AMPONTAN

Japan from the inside out

The ume of good fortune

Posted by ampontan on Tuesday, December 2, 2008

TWO MONTHS AGO, we had a post about the different uses of ume, a Japanese fruit related to the apricot but sometimes referred to as a plum. One of the ways it’s consumed is as fuku-ume, or the ume of good fortune. The fruit is cured in salt, dried in the sun, and sold at shrines for the New Year’s holiday. The idea is to put one in some hot water, drink it, and enjoy good health in the year ahead.

fukuume

Well, good tidings I bring: fuku-ume season has arrived at last. The priests and miko, or shrine maidens, at the Kameyama Hachiman-gu Shinto shrine in Shimonoseki, Yamaguchi have begun the work to wrap the ume of good fortune in straw for sale to the public.

The shrine cured 300 kilograms (about 661 lbs.) of the ume in salt and spread them to dry in the sun starting in early July. The wrapping began at the end of November at the shrine, with the miko slipping five of the dried fruit into the straw wrappers the shrine priests made.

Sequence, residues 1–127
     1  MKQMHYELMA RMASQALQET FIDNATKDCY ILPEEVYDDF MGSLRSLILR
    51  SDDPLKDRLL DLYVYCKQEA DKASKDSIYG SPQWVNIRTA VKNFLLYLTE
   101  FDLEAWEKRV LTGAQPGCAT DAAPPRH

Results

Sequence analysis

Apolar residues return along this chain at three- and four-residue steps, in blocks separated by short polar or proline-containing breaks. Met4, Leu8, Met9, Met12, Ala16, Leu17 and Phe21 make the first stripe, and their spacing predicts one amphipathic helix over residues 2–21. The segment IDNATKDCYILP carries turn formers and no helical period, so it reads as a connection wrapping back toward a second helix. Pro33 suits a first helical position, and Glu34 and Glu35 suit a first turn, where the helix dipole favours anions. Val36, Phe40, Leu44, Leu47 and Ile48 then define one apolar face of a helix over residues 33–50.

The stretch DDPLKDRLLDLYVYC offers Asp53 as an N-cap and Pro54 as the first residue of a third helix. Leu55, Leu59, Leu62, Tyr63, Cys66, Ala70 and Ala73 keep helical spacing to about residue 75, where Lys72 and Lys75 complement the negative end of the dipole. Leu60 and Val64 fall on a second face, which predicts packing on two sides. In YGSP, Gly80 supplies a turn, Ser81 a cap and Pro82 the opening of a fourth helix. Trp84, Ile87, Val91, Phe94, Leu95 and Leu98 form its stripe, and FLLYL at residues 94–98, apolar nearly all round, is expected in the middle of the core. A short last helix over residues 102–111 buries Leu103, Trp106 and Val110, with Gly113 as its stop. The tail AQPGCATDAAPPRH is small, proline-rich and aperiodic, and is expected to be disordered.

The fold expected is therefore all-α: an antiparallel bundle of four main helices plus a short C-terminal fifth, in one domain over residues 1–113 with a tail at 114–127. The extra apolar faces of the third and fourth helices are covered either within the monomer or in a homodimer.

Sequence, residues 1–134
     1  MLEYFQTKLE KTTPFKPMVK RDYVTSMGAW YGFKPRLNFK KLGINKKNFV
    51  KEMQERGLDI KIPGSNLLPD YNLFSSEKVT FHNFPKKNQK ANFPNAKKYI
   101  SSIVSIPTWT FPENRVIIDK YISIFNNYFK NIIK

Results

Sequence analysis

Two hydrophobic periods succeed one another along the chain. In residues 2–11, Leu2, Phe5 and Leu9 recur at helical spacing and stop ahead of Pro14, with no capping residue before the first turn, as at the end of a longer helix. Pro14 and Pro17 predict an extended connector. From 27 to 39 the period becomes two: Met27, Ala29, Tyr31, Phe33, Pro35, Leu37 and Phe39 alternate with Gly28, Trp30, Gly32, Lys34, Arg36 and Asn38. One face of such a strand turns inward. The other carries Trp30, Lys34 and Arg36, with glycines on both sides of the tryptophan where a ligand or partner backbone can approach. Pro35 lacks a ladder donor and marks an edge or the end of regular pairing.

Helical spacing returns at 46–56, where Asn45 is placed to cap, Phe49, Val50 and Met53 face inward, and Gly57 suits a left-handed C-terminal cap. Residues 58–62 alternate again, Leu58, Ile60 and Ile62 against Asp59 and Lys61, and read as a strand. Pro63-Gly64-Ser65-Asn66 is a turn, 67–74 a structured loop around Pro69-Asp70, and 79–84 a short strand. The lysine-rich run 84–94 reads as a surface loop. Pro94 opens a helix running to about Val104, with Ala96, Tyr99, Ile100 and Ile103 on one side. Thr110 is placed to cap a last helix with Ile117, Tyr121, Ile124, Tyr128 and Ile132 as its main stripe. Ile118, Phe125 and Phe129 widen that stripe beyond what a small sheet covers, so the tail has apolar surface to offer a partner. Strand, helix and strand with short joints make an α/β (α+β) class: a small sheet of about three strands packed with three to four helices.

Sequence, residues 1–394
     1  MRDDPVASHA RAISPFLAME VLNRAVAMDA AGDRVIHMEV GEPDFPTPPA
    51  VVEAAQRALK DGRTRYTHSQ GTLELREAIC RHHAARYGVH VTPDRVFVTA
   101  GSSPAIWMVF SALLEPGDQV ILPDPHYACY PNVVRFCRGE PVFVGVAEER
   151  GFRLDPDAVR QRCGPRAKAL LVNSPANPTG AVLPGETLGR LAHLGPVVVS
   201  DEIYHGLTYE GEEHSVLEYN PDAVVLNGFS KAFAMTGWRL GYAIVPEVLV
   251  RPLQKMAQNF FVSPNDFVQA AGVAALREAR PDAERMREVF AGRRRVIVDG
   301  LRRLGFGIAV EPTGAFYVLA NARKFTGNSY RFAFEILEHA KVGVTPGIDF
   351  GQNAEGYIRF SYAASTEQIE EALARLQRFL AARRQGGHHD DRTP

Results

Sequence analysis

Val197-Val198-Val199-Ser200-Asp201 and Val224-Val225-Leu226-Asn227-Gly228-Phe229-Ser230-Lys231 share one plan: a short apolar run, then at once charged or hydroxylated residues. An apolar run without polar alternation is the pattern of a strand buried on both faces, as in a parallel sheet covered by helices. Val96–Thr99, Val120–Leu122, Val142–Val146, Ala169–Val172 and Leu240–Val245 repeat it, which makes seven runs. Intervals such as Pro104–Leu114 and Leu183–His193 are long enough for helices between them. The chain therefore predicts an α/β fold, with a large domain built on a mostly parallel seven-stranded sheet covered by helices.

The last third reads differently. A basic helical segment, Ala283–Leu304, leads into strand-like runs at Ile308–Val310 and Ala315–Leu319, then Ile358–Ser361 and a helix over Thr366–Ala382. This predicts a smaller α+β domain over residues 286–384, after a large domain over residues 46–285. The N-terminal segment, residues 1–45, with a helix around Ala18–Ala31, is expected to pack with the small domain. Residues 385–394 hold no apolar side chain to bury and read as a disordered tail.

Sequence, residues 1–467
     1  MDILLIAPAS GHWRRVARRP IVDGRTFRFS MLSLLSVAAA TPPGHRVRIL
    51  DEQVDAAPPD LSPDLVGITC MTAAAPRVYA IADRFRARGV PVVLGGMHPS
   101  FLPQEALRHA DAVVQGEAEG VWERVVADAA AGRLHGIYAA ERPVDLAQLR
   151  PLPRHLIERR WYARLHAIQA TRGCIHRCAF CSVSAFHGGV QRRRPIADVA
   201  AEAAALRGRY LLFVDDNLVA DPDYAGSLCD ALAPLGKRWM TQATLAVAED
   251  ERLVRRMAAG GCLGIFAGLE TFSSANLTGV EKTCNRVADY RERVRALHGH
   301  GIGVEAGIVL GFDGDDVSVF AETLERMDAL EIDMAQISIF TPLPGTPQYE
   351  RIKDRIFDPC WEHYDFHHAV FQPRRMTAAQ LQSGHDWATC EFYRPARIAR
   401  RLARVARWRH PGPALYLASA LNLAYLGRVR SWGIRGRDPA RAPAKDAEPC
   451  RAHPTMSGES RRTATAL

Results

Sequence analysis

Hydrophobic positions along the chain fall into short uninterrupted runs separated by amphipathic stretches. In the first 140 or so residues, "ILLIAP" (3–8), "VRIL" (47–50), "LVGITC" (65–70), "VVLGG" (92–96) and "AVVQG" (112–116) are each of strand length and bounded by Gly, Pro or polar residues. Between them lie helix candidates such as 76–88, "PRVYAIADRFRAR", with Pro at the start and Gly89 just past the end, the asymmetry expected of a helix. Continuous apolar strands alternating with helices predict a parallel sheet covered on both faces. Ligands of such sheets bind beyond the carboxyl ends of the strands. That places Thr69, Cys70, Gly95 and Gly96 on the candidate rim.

Tradition has it that the people who drink the ume immersed in either hot water or tea will enjoy good health all year. It derives from an incident during the Heian period (which was more than a millennium ago) in which someone was cured of the plague by drinking ume tea.

The shrine says this year’s crop is about normal, and hopes that everyone drinks some of the juice on New Year’s Day. One of the straw twists with five of the fruit sells for 600 yen ($US 6.28).

Last week my wife came home with a couple of packs of dried ume to be eaten as a snack that someone had given her. I tried one, and it instantly puckered the insides of my mouth. They’re a bit too briny for my taste.

But I’d drink some hot water in which one had been dunked. That business about keeping you healthy for a year may be only a legend, but who knows? It won’t hurt and it just might help!

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